Unfiltered Story #140349

, , | Unfiltered | February 14, 2019

(I’m a woman. I’m at an anime convention, dressed as the female main character from the anime “Sword Art Online.” A guy walks up to me, dressed in a sloppy outfit that I could only assume was based off of my character’s love interest in the show.)

Guy: *smirks* Nice outfit.

Me: Thanks! Made it myself.

Guy: Do you even know what you’re supposed to be?

Me: Um, [Character] from Sword Art Online?

Guy: Hmph. Well, our costumes fit each other. Wanna go out sometime?

Me: Sorry, buddy, I’m taken. *my boyfriend is talking with some friends of his, and I point to him*

Guy: *walks away while muttering* Stupid fake geek b****, doesn’t even know who she is…

Me: Excuse me? I’ll have you know that this is my favourite anime, and you should keep your sexist comments to yourself!

Guy: B****. At least I know the d*** show.

Me: Oh really?

(The guy smirks again as I burst into the show’s theme song, which is in Japanese.)

Me: Yume de takaku tonda
Karada wa donna fuan matotte mo furiharatteiku
Nemoru chiisa na omoi hirogaridashite
Kizuku yowai watashi kimi ga ireba
Kurai sekai, tsuyoku ireta
Nagai yume miru kokoro wa sou
Eien de!

(The guy’s mouth drops open and he runs away, while I get a round of applause.)

Trying To Comic Con You

, , , , | Right | February 6, 2019

(I volunteer at a few of the different pop culture conventions that roll through town each year. This year I am working guest management at one, which involves working closely with the VIP guests — TV/movie celebs — and ensuring that patrons are lined up correctly and, importantly, not taking photos of the guests. This a rule from both guests and management. Some guests, for an extra $20 or so, will take a selfie with you, but most would prefer you pay for the professional photos. Most patrons are okay with this rule and when I’ve photobombed their camera and reminded them of the rule they apologise and walk off. Not this guy.)

Me: “Hi. Just so that you’re aware, there are no photos of this area behind me at all.”

Patron: “I was only taking a photo of the lines.”

Me: “I’m sorry, but as long as there are guests in the autograph booth, not even a photo of the lines is allowed.”

Patron: “Well, you didn’t even ask me if I was taking a photo! I could have been using Wikipedia, for all you know!”

Me: “That’s why I advised you of the—“

Patron: *now yelling* “NO! YOU CAN’T TELL ME WHAT TO DO!”

Me: “Actually, mate, I can.”

Patron: *now getting closer to me, looking like he’s going to burst*

Me: “I think you need to move along now.”

Patron: “FINE!”

(He then grabs my lanyard from around my neck with my volunteer photo ID and name.)

Patron: “THANKS, [MY NAME].”

(He then threw my lanyard back at me and walked away. I’ve heard all the smarta** remarks about the “no photos beyond this point” rule, but never in three years of volunteering have I had someone get so in my face and practically assault me. It was an adrenaline rush, and I enjoyed being salty with a smile on my face the entire time.)

They Are Being Stamp Nazis

, , , , | Right | January 26, 2019

(I’m at the exit of a trade fair, stamping people who go out for a smoke or some other reason and then want to get back in. This is because people might go out and give their badge to someone else. In that case, people could get in for free. However, lots of people tend to resist it. Some in very rude ways.)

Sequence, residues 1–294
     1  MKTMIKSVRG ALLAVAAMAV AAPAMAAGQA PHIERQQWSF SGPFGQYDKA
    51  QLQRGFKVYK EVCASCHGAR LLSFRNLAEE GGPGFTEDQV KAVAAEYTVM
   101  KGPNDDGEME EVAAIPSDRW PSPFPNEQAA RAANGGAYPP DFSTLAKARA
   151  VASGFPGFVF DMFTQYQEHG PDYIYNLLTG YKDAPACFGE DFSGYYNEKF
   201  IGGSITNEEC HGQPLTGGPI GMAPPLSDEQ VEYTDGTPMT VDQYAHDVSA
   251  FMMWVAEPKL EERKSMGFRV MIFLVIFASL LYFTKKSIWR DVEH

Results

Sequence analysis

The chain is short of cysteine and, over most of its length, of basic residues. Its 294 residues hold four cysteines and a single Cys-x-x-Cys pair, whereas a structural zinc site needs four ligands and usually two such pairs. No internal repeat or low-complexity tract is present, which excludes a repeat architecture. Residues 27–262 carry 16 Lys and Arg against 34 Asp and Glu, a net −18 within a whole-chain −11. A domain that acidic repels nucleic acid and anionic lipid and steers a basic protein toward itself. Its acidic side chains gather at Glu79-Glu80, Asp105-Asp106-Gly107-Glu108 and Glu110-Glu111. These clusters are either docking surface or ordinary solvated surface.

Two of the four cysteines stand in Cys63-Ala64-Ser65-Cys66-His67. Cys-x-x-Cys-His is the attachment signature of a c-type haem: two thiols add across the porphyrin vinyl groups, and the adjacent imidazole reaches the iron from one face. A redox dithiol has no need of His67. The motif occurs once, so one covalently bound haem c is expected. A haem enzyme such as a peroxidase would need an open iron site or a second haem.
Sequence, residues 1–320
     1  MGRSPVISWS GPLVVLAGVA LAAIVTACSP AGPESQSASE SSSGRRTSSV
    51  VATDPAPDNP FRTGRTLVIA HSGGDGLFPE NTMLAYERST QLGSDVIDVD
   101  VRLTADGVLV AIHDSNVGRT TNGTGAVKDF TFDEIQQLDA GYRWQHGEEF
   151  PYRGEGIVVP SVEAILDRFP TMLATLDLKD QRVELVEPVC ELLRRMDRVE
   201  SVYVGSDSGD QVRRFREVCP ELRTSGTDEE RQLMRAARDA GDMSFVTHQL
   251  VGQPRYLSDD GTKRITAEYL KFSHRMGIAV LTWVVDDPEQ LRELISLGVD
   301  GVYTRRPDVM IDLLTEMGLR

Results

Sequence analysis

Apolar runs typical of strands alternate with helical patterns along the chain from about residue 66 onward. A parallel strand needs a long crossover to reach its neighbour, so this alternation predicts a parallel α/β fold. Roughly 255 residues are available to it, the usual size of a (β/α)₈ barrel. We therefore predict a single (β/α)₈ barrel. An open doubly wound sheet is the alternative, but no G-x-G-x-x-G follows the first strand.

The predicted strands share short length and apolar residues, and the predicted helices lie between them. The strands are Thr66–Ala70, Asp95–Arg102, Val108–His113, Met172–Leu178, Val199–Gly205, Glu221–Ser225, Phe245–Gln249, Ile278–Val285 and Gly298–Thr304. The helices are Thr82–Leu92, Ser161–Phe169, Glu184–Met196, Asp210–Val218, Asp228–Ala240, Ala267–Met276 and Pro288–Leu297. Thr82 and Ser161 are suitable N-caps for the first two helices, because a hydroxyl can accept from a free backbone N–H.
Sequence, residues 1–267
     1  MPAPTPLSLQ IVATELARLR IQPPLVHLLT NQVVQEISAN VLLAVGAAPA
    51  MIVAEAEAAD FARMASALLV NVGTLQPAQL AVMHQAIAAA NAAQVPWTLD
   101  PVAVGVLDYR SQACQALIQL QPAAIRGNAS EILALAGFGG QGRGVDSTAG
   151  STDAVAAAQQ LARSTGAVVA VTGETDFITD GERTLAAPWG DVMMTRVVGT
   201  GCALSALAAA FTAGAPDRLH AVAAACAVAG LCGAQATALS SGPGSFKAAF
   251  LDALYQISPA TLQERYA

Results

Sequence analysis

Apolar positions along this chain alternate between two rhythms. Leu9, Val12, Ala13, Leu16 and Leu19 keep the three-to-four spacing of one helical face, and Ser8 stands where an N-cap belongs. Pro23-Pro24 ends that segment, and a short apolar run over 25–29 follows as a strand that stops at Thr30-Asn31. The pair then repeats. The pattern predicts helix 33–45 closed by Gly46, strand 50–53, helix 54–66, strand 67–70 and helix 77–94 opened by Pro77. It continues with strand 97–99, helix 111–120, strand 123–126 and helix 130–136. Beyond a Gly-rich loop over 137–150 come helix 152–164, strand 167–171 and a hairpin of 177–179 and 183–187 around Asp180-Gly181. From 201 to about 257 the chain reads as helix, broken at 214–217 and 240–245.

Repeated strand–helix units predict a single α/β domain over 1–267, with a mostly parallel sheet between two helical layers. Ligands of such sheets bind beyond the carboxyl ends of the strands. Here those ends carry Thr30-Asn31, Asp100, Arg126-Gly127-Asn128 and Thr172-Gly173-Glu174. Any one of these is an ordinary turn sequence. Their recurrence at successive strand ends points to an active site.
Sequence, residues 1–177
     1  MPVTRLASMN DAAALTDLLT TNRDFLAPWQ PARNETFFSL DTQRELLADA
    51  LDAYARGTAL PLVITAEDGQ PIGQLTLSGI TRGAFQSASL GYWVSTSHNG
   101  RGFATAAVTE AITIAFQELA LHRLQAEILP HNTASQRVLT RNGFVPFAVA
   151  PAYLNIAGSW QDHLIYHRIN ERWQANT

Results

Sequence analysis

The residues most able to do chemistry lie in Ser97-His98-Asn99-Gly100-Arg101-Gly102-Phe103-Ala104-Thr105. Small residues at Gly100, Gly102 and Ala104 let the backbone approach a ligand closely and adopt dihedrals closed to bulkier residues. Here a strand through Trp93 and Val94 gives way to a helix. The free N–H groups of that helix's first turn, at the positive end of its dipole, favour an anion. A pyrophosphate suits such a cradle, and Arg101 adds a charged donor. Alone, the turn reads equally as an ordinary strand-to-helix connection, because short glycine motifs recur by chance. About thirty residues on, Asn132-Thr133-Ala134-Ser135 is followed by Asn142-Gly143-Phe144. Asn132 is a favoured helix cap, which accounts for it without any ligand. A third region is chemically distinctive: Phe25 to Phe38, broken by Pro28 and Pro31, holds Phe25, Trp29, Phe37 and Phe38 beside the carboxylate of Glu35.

Visitor: “No, I don’t want a stamp, I’m not an animal. I’ll stay inside, then. It reminds me too much of World War Two!”

(Only minutes later it dawned on me that the lady was comparing my job to the Holocaust and mass murder!)

Captain Warm-Hearted

, , , , , , | Hopeless | January 23, 2019

It’s my favorite time of year, as I get to meet some of the people who inspired me to take the step to the film-making career I’m working towards.

This year, I was waiting in a long line to get an autograph from one of my favorite actors who was a last-minute addition to the lineup that year, and my dad was waiting just outside the line.

This was the year we both decided to dress up; I went as Captain Cold, and he went as Old Man Logan, for which he made wood claws, learned how to make fake blood, and styled his hair.

I didn’t witness this encounter, as I was so focused on my nerves, but my dad loves to retell it.

While standing there, a young boy who had some sort of mental disability brightened up and made little noises when he saw my dad.

My dad, the closest thing to a real-life hero I have ever known, started talking to the boy. The boy’s caretaker smiled and said that Wolverine was his favorite character.

My dad smiled and said he was his, too. The boy was so excited and smiling, and they got a photo together.

Dad only later commented he should have asked the boy for his autograph.

You Fear What You Don’t Understand

, , , , | Right | December 11, 2018

(I’m working at a booth at a nerdy convention when a man wanders in:)

Guest: “Where am I?

Me: “Our booth number is AA11.”

Guest: “No, I mean… what’s all this?”

(He waves generally around the room.)

Me: “Oh, this is the vendor’s hall. Are you looking for something specific?”


Me: “Um, it’s [Convention].”

Guest: “WHAT?!”

(I notice he isn’t wearing a pass.)

Me: “How did you get into the event?”

Guest: “What event? What’s happening?”

Me: “Um, I think you should talk to security; they usually don’t like people getting in without a pass.”


Me: “That’s a cosplayer.”

Guest: “NO!”

(And with that, he left, panicked and confused.)

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